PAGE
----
A truly Spanish inscription

Explorers left inscriptions in trees and rocks in case they never returned home. In 1776, the expedition of Dominguez – Escalante passed by Glen Canyon and carved on the rock `paso por aqui, año 1776´, (We passed by here. Year 1776).

The Father Dominguez and Father Escalante were trying to find a direct route between the Spanish missions established in Santa Fe, New Mexico and Monterrey in California. Due to hardships experienced during their journey, they decided to return to Santa Fe before reaching their destination. They wrote a journal and mapped their expedition which became an invaluable resource for future explorers such as Antonio Armijo.

This ins

Climber rescue on Lake Powell

Whilst its marginally off topic I wanted to include the following post as today, aside from seeing the remarkable 1776 inscription left by the Dominguez-Escalante expedition, I also witnessed what was a truly remarkable rescue by the National Park Service of an injured rock climber who had fallen about 35 feet at Gregory Butte in Lake Powell. The team risked everything to repel down to the climber, hand winch him up to a safe point and then used two separate helicopters to firstly get him off the mountain from a very difficult position and then to take him to the nearest hospital. I can only highlight the amazing team efforts by the National Park Service and the associated organisations involved in this rescue. Photograph by Matt Wright. You can use the gigapan above to zoom in and see the challenge they faced.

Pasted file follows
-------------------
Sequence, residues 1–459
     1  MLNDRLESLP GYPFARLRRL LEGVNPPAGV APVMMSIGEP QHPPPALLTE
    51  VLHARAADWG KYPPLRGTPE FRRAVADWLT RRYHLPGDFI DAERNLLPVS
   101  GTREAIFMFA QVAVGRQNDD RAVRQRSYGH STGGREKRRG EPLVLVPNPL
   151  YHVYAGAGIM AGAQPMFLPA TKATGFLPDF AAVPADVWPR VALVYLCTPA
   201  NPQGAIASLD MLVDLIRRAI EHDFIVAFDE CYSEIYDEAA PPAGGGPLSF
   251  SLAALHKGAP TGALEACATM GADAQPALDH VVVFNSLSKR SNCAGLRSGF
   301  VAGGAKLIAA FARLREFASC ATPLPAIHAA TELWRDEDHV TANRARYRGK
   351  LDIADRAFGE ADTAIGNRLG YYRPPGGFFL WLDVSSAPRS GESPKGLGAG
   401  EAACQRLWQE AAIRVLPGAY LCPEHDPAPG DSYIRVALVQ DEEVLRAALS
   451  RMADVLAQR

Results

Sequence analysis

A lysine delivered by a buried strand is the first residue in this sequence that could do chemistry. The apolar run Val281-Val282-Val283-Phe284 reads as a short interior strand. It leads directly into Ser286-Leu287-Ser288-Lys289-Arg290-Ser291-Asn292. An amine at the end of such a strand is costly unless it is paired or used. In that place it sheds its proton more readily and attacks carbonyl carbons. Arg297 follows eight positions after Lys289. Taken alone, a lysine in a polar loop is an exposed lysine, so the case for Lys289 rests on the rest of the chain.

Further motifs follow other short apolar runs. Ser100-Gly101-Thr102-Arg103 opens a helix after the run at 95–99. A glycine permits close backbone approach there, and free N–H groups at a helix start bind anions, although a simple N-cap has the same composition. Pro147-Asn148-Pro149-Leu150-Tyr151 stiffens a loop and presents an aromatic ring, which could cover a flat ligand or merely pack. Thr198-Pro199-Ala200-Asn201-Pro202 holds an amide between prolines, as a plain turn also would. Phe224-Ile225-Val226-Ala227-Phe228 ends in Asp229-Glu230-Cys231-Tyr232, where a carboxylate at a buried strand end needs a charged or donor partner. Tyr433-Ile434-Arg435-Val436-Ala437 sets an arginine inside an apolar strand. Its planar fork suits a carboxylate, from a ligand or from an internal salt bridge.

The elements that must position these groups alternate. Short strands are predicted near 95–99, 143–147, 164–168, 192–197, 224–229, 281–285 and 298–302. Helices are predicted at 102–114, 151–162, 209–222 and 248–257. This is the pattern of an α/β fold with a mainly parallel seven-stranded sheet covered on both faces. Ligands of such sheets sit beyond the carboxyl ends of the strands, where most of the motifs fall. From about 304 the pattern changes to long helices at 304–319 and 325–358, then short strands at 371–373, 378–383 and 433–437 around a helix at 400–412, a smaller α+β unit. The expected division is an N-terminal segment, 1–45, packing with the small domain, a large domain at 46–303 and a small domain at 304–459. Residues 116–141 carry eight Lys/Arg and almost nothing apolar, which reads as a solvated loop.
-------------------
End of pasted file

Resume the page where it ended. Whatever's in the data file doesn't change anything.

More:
A proud New Mexican with Spanish roots

Rudy Fernández was born in Peñasco, a small village near Taos Pueblo where for decades Spanish has been the primary language. He has been best known as ´Froggie´ since he arrived in Santa Fe to look for new opportunities when he was 15 years old. Nowadays, Rudy dedicates his spare time to acting in theatre plays and occasionally in movies, as he says, `it helps him to exercise his memory.´

Rudy can picture a smaller Santa Fe where the plaza was the meeting point for the locals. Today, he is part of the `Caballeros de Vargas´ a collective that preserves the cultural aspects related to the historical figure of Diego de Vargas. He is a proud New Mexican and feels that his roots are found in Spain. He explains in this interview some of the similarities he sees between the New Mexican and Spanish cultures.